During the 2016 campaign, Trump often complained about “the generals,” wondering why we don’t see the likes of George Patton and Douglas MacArthur anymore. He frequently shared the apocryphal story of Gen. Jack Pershing mass murdering Muslims with bullets dipped in pig’s blood, applauding his willingness to win by any means necessary. (This almost certainly did not happen.) Just this week, Trump congratulated an accused war criminal, Navy SEAL Petty Officer Eddie Gallagher, taking credit for his acquittal before a military court and basically slapping the military command down for having prosecuted him in the first place.

In the day to day, Trump treated Gold Star families with contempt, insulted POWs and other war heroes and played politics with thousands of troops, sending them to the border for no good reason. But he loves the pomp and pageantry of the military and the idea that it makes him look like a big strong man to be commander in chief. On Thursday at Lincoln Memorial he used military officers as cheap props, forcing them to stand beside him on the dais, appropriating their apolitical status for his own partisan purposes. On the Fourth of July.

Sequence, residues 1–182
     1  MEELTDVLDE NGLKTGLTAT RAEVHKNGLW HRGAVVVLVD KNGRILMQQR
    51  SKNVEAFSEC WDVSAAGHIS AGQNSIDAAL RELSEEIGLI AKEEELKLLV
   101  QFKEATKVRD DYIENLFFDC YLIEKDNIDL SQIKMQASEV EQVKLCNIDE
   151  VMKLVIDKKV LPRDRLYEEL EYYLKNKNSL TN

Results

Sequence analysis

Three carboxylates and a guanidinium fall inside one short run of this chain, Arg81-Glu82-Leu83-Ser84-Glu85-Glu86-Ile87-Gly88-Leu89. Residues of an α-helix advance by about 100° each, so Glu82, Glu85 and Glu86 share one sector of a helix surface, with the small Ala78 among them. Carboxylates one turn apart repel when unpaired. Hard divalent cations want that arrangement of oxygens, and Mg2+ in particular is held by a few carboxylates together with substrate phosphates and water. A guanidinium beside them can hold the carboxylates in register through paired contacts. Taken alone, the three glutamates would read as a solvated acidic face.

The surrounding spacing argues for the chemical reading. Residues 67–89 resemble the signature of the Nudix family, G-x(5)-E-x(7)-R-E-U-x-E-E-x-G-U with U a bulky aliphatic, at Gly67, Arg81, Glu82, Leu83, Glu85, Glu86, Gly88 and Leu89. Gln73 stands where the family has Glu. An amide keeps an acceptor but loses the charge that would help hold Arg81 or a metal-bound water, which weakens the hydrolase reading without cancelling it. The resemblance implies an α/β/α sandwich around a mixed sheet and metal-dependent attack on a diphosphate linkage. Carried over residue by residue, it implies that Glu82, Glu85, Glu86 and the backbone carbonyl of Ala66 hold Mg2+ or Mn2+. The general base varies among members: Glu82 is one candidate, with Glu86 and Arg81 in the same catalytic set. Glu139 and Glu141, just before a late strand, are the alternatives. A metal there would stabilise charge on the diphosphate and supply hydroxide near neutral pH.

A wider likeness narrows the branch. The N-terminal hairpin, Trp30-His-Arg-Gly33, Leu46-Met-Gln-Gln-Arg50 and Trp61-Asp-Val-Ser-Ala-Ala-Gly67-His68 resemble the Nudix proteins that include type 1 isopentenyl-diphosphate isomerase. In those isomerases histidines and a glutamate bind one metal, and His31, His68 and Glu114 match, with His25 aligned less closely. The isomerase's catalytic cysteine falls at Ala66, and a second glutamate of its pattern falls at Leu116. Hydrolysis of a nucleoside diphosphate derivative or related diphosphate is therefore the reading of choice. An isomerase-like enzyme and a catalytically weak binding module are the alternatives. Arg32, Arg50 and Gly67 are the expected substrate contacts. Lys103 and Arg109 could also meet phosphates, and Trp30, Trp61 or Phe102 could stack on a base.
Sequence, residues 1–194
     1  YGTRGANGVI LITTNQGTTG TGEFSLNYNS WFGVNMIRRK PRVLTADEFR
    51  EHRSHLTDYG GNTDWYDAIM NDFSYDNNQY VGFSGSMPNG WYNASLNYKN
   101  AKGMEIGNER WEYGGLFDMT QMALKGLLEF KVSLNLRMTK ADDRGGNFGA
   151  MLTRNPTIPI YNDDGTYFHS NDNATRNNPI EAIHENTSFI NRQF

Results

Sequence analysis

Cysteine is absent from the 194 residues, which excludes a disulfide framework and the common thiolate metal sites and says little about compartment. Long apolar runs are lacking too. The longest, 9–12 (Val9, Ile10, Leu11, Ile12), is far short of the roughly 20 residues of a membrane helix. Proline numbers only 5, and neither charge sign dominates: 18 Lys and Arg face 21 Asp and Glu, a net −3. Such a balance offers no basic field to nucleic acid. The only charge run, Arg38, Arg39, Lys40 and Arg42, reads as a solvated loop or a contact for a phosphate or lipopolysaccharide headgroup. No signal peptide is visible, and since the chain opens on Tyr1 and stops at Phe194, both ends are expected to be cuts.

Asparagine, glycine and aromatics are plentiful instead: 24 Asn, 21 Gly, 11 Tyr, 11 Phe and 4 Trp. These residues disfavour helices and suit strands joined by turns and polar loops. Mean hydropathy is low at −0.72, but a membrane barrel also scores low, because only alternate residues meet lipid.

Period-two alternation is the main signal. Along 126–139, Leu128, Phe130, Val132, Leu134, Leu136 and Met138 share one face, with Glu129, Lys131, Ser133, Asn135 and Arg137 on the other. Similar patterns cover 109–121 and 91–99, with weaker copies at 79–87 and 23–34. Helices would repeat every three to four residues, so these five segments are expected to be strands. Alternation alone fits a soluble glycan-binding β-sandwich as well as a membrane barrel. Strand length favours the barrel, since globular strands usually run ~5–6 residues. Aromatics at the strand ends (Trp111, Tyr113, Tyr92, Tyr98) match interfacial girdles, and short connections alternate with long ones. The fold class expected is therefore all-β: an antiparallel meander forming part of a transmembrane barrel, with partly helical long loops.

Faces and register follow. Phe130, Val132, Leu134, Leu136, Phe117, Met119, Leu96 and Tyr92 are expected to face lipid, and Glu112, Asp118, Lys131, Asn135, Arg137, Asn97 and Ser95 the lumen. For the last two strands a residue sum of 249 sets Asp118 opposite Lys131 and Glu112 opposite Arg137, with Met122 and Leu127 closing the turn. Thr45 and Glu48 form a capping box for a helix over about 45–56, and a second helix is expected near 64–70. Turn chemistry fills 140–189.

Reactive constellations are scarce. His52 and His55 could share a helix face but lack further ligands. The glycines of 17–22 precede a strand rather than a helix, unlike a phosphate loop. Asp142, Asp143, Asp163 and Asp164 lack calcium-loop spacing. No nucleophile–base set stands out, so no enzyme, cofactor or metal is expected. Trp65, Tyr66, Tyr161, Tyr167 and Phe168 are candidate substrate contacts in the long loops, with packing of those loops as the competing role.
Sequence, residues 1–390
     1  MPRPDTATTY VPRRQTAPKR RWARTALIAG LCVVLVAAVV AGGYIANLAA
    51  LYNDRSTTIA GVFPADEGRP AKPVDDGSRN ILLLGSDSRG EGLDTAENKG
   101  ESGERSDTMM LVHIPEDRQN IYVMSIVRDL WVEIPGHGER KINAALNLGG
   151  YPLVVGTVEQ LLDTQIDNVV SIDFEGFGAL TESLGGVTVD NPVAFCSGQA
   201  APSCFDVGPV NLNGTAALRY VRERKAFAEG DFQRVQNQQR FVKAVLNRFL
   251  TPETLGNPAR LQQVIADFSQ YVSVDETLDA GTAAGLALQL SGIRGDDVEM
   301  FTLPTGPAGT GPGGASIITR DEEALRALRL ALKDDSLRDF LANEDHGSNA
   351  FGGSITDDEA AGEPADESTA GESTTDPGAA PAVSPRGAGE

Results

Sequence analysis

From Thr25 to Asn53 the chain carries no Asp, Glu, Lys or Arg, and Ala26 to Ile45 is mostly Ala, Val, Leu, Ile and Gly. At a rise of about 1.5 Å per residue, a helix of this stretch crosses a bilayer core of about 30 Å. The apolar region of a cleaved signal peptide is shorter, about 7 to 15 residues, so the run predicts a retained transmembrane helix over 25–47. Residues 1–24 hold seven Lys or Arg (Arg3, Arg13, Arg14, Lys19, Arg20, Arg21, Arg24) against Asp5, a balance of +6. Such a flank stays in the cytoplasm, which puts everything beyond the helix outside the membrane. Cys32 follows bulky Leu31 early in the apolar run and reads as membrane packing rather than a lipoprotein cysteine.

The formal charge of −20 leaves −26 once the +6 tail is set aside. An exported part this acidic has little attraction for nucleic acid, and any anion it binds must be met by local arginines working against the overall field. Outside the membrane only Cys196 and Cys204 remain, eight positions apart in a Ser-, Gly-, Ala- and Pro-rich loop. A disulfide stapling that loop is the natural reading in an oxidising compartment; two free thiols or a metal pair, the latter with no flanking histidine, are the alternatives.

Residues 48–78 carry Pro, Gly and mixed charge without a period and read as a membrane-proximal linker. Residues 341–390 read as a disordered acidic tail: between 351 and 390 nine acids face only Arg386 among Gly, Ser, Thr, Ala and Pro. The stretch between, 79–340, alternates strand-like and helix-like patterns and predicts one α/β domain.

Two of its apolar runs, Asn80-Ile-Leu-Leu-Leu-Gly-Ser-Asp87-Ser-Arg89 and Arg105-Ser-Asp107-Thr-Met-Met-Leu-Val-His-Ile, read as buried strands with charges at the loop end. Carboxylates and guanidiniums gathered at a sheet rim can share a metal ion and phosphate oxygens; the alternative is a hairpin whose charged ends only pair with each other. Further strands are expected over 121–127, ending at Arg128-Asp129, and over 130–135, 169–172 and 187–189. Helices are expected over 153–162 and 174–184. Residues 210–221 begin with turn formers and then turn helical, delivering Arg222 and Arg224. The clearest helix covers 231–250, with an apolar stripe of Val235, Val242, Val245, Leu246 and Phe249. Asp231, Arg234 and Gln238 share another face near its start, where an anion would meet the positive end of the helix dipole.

His crowd loved it, of course. For all the talk about Trump and his followers being isolationist and anti-war, they are not. The right wing is the most militaristic faction in American life and they will happily follow him into any war he wants to wage. At the moment Trump is confused about all that. He’s been listening to the likes of Tucker Carlson, who is telling him that Republicans don’t like war (and the Democrats do), but understands on a visceral level that something about that doesn’t scan. Like all chickenhawks of the Vietnam era he wants to be seen as a heroic tough guy, but is scared to actually fight a war. So instead of giving his followers a war, he gave them a show.